291 F2d 79 Elliott Sons Co v. E & F King & Co

291 F.2d 79

W. H. ELLIOTT & SONS CO., Inc., Plaintiff, Appellant,
E. & F. KING & CO., Incorporated, et al., Defendants, Appellees.
E. & F. KING & CO., Incorporated, Defendant, Appellant,
W. H. ELLIOTT & SONS CO., Inc., Plaintiff, Appellee.
E. & F. KING & CO., Incorporated, Cross-Claimant, Appellant,
NUODEX PRODUCTS CO., Inc., Cross-Defendant, Appellee.
NUODEX PRODUCTS CO., Inc., Cross-defendant, Appellant,
E. & F. KING & CO., Incorporated, Cross-Claimant, Appellee.

Nos. 5467-5470.

United States Court of Appeals First Circuit.

Heard Oct. 5, 1961.
Decided April 27, 1961, Petitions for Rehearing Denied May
24, 1961, in Nos, 5467, 5468.

Stanley M. Brown, Manchester, N.H., with whom G. Marshall Abbey and McLane, Carleton, Graf, Greene & Brown, Manchester, N.H., were on brief, for W. H. Elliott & Sons Co., Inc.

Robert W. Upton and John H. Sanders, Concord, N.H., with whom Upton, Sanders & Upton, Concord, N.H., was on brief, for E. & F. King & Co., Inc.

William S. Green, Manchester, N.H., with whom John J. Sheehan, Kimon S. Zachos and Sheehan, Phinney, Bass, Green & Bergevin, Manchester, N.H., were on brief, for Nuodex Products Co., Inc.

Before WOODBURY, Chief Judge, and HARTIGAN and ALDRICH, Circuit Judges.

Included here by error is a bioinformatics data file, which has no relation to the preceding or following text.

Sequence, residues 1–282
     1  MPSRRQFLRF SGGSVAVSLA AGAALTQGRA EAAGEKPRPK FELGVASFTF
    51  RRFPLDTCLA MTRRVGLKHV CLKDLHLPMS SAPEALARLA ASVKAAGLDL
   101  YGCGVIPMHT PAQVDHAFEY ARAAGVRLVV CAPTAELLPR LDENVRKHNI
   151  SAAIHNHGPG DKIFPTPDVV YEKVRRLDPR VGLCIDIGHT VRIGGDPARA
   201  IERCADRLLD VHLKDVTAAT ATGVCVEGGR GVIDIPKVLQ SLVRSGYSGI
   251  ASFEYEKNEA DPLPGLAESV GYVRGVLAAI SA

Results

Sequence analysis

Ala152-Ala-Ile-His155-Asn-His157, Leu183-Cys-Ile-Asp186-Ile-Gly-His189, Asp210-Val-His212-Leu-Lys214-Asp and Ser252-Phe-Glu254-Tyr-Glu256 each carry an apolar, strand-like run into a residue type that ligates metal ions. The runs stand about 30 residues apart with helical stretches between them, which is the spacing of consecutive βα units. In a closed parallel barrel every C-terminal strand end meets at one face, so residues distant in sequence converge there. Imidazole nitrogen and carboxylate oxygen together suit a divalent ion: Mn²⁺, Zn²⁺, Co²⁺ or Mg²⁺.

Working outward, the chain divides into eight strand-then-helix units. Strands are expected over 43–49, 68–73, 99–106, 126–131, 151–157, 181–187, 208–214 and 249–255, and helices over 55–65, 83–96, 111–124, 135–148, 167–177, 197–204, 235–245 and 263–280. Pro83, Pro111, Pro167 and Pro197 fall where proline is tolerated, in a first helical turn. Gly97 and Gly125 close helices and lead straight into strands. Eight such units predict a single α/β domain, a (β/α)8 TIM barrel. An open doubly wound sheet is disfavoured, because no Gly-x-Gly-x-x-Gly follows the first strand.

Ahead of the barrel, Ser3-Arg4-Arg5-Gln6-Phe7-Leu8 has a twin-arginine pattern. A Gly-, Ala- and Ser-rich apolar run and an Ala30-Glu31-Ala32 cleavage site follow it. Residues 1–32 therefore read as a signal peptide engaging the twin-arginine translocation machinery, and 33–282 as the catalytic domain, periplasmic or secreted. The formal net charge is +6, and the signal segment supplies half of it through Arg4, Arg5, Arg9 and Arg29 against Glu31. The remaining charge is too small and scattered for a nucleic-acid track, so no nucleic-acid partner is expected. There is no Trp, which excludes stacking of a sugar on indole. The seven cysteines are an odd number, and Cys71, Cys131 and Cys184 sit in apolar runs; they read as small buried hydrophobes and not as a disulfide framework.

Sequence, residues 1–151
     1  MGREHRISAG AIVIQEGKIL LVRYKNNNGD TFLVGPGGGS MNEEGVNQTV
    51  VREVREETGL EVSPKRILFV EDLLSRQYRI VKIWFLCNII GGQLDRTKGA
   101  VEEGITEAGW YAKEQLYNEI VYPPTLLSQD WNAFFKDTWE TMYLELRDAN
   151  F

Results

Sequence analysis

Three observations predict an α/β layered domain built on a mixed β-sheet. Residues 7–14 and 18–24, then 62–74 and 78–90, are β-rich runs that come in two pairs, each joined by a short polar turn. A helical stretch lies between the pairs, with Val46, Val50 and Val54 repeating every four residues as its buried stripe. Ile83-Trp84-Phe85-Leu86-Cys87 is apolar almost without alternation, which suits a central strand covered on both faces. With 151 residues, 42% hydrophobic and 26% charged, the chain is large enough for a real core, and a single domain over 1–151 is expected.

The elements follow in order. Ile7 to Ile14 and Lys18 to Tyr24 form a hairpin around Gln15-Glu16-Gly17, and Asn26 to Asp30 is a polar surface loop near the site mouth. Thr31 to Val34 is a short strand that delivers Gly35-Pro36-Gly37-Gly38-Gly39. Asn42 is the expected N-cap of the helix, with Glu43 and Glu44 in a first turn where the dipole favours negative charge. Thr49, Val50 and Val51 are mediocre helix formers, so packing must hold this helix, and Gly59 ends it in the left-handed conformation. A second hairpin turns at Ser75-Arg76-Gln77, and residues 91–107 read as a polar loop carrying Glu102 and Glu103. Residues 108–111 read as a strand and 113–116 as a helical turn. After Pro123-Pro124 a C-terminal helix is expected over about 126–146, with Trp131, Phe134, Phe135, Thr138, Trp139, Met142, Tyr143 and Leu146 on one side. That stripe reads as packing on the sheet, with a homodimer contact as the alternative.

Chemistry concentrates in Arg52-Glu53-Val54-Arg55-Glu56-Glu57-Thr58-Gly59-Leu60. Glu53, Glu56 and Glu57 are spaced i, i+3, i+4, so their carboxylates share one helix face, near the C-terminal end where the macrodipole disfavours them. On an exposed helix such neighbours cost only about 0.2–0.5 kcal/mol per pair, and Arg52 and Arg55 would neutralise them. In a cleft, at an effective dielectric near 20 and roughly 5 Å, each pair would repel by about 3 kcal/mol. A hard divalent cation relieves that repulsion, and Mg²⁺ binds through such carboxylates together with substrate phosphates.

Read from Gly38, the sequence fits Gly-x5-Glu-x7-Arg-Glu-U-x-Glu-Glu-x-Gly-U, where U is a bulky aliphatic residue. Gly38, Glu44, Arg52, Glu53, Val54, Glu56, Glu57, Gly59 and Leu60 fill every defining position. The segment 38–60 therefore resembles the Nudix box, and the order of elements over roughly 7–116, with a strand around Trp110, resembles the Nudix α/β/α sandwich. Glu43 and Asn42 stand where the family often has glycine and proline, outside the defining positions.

ALDRICH, Circuit Judge.

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Nuodex Products Co., Inc., a New York corporation, manufactured a chemical compound known as Super Ad-It as an ingredient for paint to be used in locations such as greenhouses to keep the paint from mildewing. E. & F. King & Co., Inc., a Massachusetts corporation that manufactured greenhouse paint, introduced Super Ad-It into paint which it sold to W. H. Elliott & Sons Co., Inc., a New Hampshire corporation engaged in growing roses. Both Nuodex and King advertised the mildew-resistant character, and the stability, of their products. Elliott applied the paint to the inside of two greenhouses, where it prevented mildew well enough, but it also inhibited the normal development of the roses. Mercury, present in Super Ad-It in a combined form, is poisonous to roses. In the high temperatures of the greenhouse, the mercury compound broke down and, as a result, the paint emitted mercury vapors which then precipitated on the rose plants. Elliott sued King and Nuodex in the United States District Court for the District of New Hampshire in two counts, for negligence and breach of warranty, but subsequently withdrew its warranty claim against Nuodex, seemingly because New Hampshire law does not recognize a warranty between remote parties. King cross-claimed against Nuodex for negligence and breach of warranty. The cases were tried together to a jury, which returned verdicts on each count. Out of this relatively common situation has arisen a snarl of sizable proportions.